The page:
Taking Your Pulse

Taking Your Pulse

September 20, 2010

Searches during the last twenty-four hours that brought readers to re: The Auditors.

(Note to reader:  Yes, I have recycled this template and put new searches on but left the comments from previous iterations.  I have those searches stored so if anyone is interested in the context for a comment let me know.  I haven’t gone through this exercise since March, so I thought it was interesting to see that the focus, at least from what I see, is off layoffs and on to real issues.  And, boy oh boy, are there lots of them…)

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145 replies
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  1. Anonymous
    Anonymous says:

    Just remember – when times are good companies carry staff that aren’t as talented as they would like. Why — it is harder to hire the most talented people and there are fewer economic reasons to take action. When times are bad — the first to go are those who are lower performers. Eventually, if times stay bad, the more talented folk will also get hit. But as the economy forces partners to make these decisions, they always make the decisions on factors such as “performance” and “fit” with the organization. If the economy stay bad for longer – they focus on the people who can market… because you have to have that first before you have need for the people who can deliver the work. So they get more and more shortsighted – and when they do that it is those who can market that matter most when the economy is poor. I think the HR people simply understand these facts of business and give the spin that works for the situation.

  2. anon
    anon says:

    The HR people do not understand the facts- in fact they are so clueless everything they do is from templates, everything, how to have conversations on firing people, how to react in firing someone in the situations, eg “cry” do x, get angry do “y” essentially its all about “state the facts”

    The point is, HR are just admin, typically they are failed auditors, so getting the boot from them is beyond disrespectful! The point is, play it carefully, America is an “at will” employer, you dont have to get severence, normally severence is in exchange of you signing a contract to state that you will not sue the firm. The firms severence is NOT generous, they simply bank on the fact that you are typically in your 20s not that savvy and so wont sue!

    As for the HR folks- well a point for your is- at PwC in San Francisco some HR girl had to lay off lots of the EAs in 2001, then at the end of laying off the people and doing the dirty work, her boss was like “ok now you have no one to manage, heres your pink slip”- didnt feel too sorry for her to be honest- but with the numbers being reduced, yep HR you are an overhead its coming your way too

  3. De Minimis
    De Minimis says:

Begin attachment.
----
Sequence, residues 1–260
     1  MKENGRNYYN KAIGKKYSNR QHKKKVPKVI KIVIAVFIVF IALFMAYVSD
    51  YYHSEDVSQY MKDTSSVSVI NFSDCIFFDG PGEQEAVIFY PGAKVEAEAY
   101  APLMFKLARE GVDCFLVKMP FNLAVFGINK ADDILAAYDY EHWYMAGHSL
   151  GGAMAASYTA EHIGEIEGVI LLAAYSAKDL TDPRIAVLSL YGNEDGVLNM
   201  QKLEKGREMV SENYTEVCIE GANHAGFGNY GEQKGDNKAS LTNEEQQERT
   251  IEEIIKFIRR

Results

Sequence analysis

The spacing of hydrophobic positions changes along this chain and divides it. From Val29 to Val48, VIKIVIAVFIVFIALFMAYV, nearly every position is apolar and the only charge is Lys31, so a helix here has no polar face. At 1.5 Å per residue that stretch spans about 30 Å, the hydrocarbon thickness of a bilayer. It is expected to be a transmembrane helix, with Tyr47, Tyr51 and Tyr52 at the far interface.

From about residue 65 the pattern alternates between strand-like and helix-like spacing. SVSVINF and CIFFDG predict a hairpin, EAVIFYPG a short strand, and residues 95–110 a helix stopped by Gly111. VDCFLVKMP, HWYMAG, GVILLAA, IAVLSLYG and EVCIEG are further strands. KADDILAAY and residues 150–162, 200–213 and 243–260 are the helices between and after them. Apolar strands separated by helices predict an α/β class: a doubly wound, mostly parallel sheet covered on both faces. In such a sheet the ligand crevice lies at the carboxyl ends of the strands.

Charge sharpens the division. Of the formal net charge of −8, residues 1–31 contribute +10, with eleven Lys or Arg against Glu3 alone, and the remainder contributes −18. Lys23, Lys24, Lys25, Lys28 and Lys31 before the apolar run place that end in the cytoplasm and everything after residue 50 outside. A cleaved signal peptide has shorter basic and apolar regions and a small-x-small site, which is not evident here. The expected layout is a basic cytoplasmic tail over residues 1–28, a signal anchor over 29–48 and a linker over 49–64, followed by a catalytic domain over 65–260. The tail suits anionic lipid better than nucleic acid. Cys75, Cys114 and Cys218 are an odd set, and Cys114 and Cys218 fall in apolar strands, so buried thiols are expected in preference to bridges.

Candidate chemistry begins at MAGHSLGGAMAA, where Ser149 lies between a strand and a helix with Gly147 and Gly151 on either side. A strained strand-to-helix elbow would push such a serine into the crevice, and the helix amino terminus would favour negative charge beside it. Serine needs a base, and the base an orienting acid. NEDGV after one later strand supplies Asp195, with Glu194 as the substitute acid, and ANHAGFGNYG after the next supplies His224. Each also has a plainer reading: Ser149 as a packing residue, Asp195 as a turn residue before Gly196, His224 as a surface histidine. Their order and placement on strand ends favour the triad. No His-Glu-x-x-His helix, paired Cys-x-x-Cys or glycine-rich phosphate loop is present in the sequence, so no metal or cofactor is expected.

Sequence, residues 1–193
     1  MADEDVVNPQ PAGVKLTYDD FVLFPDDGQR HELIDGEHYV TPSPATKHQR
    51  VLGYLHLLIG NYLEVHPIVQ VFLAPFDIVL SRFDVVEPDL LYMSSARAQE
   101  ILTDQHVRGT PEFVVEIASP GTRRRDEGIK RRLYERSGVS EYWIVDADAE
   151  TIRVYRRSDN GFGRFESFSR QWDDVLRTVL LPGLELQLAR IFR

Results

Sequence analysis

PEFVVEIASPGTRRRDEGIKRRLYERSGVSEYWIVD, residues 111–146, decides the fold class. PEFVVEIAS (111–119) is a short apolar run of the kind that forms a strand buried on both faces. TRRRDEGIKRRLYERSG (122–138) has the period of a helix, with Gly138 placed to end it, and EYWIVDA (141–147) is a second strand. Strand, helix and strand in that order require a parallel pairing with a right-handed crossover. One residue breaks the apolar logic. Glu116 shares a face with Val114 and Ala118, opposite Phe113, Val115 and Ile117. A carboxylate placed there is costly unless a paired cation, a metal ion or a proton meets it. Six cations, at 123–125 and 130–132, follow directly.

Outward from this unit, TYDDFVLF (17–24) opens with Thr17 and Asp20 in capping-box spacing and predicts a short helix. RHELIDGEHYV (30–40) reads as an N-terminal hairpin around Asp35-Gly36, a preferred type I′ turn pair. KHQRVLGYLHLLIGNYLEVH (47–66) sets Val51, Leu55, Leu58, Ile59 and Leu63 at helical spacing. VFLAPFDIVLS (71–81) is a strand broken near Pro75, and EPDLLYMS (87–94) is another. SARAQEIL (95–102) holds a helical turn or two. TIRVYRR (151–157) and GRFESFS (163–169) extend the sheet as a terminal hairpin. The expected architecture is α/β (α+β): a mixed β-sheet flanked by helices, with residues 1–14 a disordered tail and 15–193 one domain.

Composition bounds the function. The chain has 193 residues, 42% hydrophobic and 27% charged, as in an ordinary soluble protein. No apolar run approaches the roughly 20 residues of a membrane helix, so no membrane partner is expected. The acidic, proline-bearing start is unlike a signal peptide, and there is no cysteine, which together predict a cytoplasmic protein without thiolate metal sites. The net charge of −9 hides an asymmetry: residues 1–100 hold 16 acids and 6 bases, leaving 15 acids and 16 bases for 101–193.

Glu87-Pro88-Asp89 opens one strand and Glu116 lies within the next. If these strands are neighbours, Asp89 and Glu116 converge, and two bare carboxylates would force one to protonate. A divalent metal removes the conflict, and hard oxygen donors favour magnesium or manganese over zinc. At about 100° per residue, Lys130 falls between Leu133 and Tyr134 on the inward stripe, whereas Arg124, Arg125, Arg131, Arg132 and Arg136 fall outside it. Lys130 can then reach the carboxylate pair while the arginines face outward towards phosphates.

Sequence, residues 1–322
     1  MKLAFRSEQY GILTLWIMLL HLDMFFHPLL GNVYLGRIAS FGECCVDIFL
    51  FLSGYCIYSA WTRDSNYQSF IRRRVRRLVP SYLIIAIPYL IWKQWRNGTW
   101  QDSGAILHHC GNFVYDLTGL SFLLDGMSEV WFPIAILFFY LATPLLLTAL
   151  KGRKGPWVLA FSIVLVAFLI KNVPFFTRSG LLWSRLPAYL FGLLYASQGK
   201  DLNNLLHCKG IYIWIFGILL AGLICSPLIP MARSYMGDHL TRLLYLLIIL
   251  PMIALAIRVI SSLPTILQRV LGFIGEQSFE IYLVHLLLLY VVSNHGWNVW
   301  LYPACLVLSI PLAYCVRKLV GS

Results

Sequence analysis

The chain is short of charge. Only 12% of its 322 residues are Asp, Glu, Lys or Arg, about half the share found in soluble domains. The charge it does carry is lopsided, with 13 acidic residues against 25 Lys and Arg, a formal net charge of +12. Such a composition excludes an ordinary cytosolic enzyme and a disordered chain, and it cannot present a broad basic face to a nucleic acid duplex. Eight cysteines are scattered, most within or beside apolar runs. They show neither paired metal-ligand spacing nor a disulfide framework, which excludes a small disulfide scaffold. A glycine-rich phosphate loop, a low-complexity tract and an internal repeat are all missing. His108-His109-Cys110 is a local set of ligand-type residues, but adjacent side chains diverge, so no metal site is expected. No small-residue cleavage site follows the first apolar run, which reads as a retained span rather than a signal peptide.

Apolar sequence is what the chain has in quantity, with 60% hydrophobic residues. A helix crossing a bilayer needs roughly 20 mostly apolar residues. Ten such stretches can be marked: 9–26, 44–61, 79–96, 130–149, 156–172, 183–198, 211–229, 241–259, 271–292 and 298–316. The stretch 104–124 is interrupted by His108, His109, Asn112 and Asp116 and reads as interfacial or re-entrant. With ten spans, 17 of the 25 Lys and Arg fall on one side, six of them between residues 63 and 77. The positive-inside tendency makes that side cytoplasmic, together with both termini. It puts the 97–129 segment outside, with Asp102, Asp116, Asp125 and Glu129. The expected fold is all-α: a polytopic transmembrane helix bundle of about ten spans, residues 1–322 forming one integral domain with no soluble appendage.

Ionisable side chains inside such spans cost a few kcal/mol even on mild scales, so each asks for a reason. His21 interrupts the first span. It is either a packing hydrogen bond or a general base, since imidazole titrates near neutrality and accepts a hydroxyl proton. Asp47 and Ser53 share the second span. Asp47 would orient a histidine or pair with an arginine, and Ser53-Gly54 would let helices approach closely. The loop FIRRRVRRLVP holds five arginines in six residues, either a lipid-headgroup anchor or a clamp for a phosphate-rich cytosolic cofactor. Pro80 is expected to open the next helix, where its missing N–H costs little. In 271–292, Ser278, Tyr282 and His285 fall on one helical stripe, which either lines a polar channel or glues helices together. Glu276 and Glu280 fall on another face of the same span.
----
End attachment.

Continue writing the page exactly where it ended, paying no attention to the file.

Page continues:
Maybe it is because I’m older and have more experience working at places with less than ethical management, but I never took the “No layoff” promises seriously.
    Other firms were doing it, and it seemed pretty obvious to me that PWC was going to do the same, especially when they started doing things like changing the ranking system. This is another case where the younger demographic really works in the employer’s favor.

  4. anony
    anony says:

    @102 – Trust me friend, the axe has already fell for HR folks. DT’s shared services had experienced cuts over the past several months, and other admin folks had been part of the last couple rounds of layoffs. The HR drones are shaking in their shoes too. They are in no safer position than anyone else.

  5. Tenacious Truman
    Tenacious Truman says:

    Anony @ 101 —

    Your point would be a lot easier to accept, if there weren’t so many stories to the contrary to be seen, heard, and read. Why lay off a “poor performer” who just landed a $3.5 million consulting project, the week before it was to start? (Yes, the project was pulled by the client after the person who had the relationship was “separated”.) People with high forecasted utilization and good performance reviews have been RIF’d too many times for me to simply swallow that line about how “the first to go” are the lower performers in tough economic times. That statement is simply not borne out by the facts.

    It’s interesting that PwC redefined its definition of “poor performer” so as to create a reality that supports its RIF decisions. 3s are separated, 2s get to keep their job but no raise and no bonus, while 1s get raises and bonuses. What do you bet the firm has established acceptable ranges for each category? Anyway, redefining the rating system for annual reviews today does little to change the lack of business logic and support for prior year RIF decisions.